Mr Cletus Avoka, Minister for the Interior, on Tuesday said Ghana had a moral obligation to support other states on the Arms Trade Treaty (ATT) that would ensure responsibility and fairness in the import, export, trans-shipment and transit of conventional weapons.
He said that support would also ensure the guarantee of human rights including the economic, political and social rights of persons around the world.
In a speech read for him at a day’s seminar in Accra to commemorate the Global Week of Action on the United Nations Arms Trade Treaty in Accra, Mr Avoka said Ghana voted in affirmative for the treaty.
The Minister said to show more commitment to the ATT, President John Atta Mills had in a meeting with the Diplomatic Corps reiterated the desire to take serious and positive look at all conventions that were yet to be ratified including the ECOWAS Conventions on Small Arms and Light Weapons.
The seminar was organized by the West African Action Network on Small Arms (WAANSA) and the Ghana Action Network on Small Arms (GHANSA).
The ATT is a framework for a legally binding international agreement establishing a set of basic roles to regulate the international transfer of conventional arms.
It is based on the simple principles that arms importers and exporters have the responsibility to ensure that they do not provide weapons that would be used in serious violations of international law.
Mr Avoka noted that uncontrolled accumulation and proliferation of licit and illicit small arms and light weapons was a major threat to the national and sub-regional security.
He said Ghana was conscious of the challenges faced in ensuring security, peace and development of the people, adding that those challenges were further aggravated by illicit circulation of small arms and light weapons, which were primary tools used in conflicts.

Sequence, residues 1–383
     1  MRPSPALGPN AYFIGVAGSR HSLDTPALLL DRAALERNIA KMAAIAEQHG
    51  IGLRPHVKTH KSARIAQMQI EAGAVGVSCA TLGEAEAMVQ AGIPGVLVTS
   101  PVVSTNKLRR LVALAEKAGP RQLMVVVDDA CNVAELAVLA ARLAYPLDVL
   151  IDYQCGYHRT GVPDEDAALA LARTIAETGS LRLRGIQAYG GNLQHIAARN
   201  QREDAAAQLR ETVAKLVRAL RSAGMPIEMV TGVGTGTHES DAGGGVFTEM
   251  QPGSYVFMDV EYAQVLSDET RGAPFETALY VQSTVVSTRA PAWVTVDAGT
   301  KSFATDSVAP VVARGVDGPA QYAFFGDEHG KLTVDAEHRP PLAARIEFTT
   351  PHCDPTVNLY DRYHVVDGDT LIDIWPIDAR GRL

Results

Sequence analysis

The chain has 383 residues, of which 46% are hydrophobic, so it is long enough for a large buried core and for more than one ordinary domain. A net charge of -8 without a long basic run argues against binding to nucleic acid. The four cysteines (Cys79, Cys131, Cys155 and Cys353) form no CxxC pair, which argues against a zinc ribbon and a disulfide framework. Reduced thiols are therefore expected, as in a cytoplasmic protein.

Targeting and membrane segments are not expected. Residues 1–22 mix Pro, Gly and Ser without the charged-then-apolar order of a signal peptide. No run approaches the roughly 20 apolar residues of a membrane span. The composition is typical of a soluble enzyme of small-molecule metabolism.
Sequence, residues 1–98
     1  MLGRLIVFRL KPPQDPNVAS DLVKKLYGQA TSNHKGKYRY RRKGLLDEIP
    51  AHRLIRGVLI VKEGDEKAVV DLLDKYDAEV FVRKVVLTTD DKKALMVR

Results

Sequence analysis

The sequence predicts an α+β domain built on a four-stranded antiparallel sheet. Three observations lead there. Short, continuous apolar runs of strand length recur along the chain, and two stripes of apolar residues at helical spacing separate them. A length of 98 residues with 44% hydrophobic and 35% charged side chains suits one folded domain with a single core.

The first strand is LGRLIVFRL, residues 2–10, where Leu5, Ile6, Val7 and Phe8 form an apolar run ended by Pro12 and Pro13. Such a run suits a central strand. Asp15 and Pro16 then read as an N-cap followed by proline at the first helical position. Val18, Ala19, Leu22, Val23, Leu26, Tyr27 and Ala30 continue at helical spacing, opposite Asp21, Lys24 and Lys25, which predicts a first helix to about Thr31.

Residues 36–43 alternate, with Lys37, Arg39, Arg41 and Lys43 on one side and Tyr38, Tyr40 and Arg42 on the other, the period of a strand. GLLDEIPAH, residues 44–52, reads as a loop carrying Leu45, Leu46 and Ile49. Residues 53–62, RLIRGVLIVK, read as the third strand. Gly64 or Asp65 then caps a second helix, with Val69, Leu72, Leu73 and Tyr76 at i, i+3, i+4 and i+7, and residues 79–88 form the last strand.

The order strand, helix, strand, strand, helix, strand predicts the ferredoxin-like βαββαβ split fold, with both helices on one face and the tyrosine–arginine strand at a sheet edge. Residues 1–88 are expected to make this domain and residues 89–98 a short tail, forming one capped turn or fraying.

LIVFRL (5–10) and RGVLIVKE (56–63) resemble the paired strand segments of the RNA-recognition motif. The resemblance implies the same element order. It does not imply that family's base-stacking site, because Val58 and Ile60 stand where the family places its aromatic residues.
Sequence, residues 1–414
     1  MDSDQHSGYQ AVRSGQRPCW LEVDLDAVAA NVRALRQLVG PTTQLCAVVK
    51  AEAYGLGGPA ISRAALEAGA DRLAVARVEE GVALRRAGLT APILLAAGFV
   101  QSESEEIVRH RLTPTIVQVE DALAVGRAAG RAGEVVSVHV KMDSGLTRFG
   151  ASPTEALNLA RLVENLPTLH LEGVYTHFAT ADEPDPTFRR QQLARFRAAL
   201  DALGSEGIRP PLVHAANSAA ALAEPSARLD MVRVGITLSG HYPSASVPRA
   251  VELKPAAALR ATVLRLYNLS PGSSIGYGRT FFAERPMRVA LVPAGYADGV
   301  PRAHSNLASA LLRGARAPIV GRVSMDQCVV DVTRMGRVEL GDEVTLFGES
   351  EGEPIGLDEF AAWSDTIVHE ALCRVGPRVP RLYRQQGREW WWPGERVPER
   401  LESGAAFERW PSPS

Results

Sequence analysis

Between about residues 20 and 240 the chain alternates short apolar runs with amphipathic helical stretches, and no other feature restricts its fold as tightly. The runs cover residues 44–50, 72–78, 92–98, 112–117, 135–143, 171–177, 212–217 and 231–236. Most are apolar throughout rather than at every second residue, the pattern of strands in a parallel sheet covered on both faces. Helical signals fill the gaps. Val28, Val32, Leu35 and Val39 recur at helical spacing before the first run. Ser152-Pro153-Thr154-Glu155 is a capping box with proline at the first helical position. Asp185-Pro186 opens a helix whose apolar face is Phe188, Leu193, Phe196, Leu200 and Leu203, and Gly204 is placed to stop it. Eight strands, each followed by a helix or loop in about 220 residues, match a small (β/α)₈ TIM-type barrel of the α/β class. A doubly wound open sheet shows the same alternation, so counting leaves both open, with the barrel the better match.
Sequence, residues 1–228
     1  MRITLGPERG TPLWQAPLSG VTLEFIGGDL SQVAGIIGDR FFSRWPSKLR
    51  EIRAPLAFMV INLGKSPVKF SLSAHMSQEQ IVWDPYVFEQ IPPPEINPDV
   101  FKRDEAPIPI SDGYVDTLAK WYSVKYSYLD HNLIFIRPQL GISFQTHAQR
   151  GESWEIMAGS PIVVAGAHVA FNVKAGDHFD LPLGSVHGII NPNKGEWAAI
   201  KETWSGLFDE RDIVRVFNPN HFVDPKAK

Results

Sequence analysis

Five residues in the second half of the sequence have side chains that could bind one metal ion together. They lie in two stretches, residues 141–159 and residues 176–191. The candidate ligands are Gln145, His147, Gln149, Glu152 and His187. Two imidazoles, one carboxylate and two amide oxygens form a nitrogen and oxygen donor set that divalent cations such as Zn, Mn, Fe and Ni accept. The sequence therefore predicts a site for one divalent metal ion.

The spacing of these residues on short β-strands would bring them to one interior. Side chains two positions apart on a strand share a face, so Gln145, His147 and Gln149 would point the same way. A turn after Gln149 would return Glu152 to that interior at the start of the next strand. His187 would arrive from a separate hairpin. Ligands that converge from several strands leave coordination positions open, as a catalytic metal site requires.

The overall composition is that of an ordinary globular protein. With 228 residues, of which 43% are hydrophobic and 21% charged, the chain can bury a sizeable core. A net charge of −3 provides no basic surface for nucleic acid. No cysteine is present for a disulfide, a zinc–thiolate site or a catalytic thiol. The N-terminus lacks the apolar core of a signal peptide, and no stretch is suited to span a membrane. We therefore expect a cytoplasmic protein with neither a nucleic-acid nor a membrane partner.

Mr Avoka said as part of a comprehensive approach to enhancing human security, the government was working hard to establish strict national, regional and international arms transfer criteria that were consistent with the country’s responsibilities under international law, based on common global principles.
Mr Baffour Dokyi Amoa, President of WAANSA, said in advocating an ATT, several factors such as the impact of such arms on sustainable development, the impact of arms transfer on regional security and whether there would be corrupt practices involved in any stage of the transfer must be taken into account when assessing an international arms transfer.
“Our lobbying and campaigning in this regard must ensure that appropriate sanctions mechanism are put in place to allow effective enforcement of an Arms Trade Treaty,” he said.
He said currently there was no international legally binding instrument that effectively brings the trade in weapons under control, adding that an ATT was an essential step in prohibiting arms transfer to destinations where they might be used to commit grave human rights violations, fuel conflicts or undermine development.
Mr Amoa therefore urged all and sundry to work hard to ensure that the noble dream became a reality.
Mr Peter Agboso from GHANSA said this year’s campaign was targeted at the need for the Ghana government to take an active role in the forthcoming United Nations discussions about an ATT.
He stressed the urgent need for ATT saying, 1,000 people were killed every day by conventional weapons.
“GHANSA is saying our government must step forward now to argue for a tough Arms Trade Treaty. Otherwise, the voices of scrupulous countries will prevail and dangerous arms transfers will continue unchecked,” he added.
Seven countries have so far ratified and deposited the instrument of ratification at the ECOWAS Commission.